Thursday, February 23, 2012

Unemployment among recently discharged veterans

I have been getting a number of calls from journalists asking me about the "civil-military gap." One, after I explained what it was and what I thought it meant, asked, "So, what? Why should we care?" 

An excellent question. And, the attached news article is one reason why. The civilian world, while I believe that they actually do appreciate what our military personnel are doing day to day, don't really understand it and likely never will. So, to parrot the journalist, "So, what?"

Well, in the case cited in the article, despite years of experience in the field, civilian executive and human relations offices cannot translate military skills into civilian skills. They seem to make several assumptions, all of which are false.

Assumption 1: The only thing they learn in the military is to mindlessly follow orders.
Assumption 2: The only thing they learn in the military is how to shoot people.
Assumption 3: Only non-creative people join the military.
Assumption 4: If he had been smart, he never would have joined the military in the first place...after all, I didn't.
Assumption 5: All military veterans have psycho-social problems or will turn up with PTSD, and I am afraid to deal with it.

All of the above are false, and I will take time over the next days to respond to each. However, despite the apparently honest good feelings most Americans have toward our service personnel, that good feeling just does not extend to trusting them with a job. 

Pretty sad, isn't it?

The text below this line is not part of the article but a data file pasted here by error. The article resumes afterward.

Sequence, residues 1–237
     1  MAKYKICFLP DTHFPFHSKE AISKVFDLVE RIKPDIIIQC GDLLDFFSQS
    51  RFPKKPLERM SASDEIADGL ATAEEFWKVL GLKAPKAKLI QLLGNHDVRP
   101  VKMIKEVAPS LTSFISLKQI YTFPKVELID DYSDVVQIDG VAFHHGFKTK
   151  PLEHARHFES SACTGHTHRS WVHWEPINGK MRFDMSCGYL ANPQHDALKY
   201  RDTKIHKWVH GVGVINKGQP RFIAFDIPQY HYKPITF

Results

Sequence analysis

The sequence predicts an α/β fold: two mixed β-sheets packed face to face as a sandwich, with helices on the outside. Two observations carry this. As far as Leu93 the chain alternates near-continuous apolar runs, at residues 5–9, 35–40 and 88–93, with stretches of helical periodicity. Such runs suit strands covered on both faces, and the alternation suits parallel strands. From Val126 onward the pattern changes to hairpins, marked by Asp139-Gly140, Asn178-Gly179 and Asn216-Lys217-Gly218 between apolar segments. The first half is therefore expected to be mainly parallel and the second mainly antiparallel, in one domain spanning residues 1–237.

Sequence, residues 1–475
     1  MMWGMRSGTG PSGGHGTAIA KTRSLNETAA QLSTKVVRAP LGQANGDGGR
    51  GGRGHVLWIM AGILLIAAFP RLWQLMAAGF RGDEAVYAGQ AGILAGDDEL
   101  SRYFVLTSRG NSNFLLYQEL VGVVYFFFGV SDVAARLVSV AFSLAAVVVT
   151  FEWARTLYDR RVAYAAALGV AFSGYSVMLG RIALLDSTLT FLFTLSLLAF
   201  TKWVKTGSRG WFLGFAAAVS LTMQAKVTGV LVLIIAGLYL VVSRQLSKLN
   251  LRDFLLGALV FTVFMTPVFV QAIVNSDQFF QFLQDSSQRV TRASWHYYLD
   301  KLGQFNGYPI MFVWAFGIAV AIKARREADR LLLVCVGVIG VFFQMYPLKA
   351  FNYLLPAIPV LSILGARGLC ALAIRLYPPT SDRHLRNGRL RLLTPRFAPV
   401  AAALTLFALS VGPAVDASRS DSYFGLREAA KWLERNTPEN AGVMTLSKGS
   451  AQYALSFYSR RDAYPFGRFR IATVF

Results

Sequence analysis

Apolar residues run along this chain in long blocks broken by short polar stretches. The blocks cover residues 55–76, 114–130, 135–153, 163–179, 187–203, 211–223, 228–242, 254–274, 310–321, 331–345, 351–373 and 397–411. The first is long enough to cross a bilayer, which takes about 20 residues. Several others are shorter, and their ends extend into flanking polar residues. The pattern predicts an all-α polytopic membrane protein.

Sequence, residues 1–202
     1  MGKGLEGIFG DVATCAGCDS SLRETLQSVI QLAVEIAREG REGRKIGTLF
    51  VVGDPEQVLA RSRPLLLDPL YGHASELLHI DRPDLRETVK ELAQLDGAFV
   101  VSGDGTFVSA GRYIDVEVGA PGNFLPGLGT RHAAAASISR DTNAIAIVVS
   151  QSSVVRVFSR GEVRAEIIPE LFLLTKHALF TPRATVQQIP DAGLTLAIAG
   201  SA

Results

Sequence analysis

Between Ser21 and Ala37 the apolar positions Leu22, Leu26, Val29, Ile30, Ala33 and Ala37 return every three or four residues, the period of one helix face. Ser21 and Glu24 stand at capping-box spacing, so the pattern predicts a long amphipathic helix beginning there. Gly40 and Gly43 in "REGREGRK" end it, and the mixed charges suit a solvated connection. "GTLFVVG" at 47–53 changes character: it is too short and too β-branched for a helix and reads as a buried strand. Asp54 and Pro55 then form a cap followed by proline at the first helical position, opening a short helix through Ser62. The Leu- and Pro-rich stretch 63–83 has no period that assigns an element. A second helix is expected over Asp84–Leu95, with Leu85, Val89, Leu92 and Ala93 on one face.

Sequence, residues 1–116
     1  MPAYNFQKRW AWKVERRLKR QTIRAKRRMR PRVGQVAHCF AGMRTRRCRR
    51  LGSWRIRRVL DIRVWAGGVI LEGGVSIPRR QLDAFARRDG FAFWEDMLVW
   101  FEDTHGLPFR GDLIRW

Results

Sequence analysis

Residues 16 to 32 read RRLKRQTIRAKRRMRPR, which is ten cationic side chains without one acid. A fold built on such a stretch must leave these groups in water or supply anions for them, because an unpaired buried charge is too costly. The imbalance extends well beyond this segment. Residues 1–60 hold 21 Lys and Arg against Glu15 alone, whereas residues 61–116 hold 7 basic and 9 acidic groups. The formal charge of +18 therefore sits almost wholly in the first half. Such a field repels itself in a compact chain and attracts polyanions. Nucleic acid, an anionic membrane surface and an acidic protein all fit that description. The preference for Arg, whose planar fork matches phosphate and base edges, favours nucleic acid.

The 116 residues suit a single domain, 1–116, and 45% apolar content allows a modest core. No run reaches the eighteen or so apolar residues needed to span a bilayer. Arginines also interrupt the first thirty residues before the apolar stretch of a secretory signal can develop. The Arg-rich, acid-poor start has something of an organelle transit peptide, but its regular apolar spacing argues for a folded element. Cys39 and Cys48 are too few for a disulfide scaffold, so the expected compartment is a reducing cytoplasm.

Those who stay home and don't join the military may assume that only dumb people or those with no options enlist. It may be just as accurate to say that unimaginative people who have no sense of adventure or no sense of service to the public, or who are simply cowards, seek ways to not join the military. That is likely just as false an assumption as those listed above.

I discovered the same sort of discrimination when I retired. Now, I had a double whammy. I was over 50 and still had, in the words of one friend, "The stink of the military on me." It took several years and going back to school to clean that stink off me. Most people I talked to had no understanding of how to translate military experience into civilian experience. That was not true after World War II, when the number of citizens had direct contact or actual experience with the military. Today, less than 1 percent of our population is in uniform 

Why is the unemployment rate for recent veterans higher than for the general population? It is because companies are making conscience decisions not to hire them. 

Prove me wrong.

Appendix: Comparing from a year ago to today (March 2010 - March 2011)

Unemployment rate, March 2010
                                All vets      Iraq-Afghan vets   Non-Vets
All                               9.8                 14.7               10.0
Male                            9.9                 14.8               11.9
Female                        9.1                 14.2                8.1
Unemployment rate, March 2011
                                All vets      Iraq-Afghan vets   Non-vets
All                               9.0                 10.9                9.0
Male                            8.9                 11.6               10.2
Female                        9.9                  7.5                 7.8

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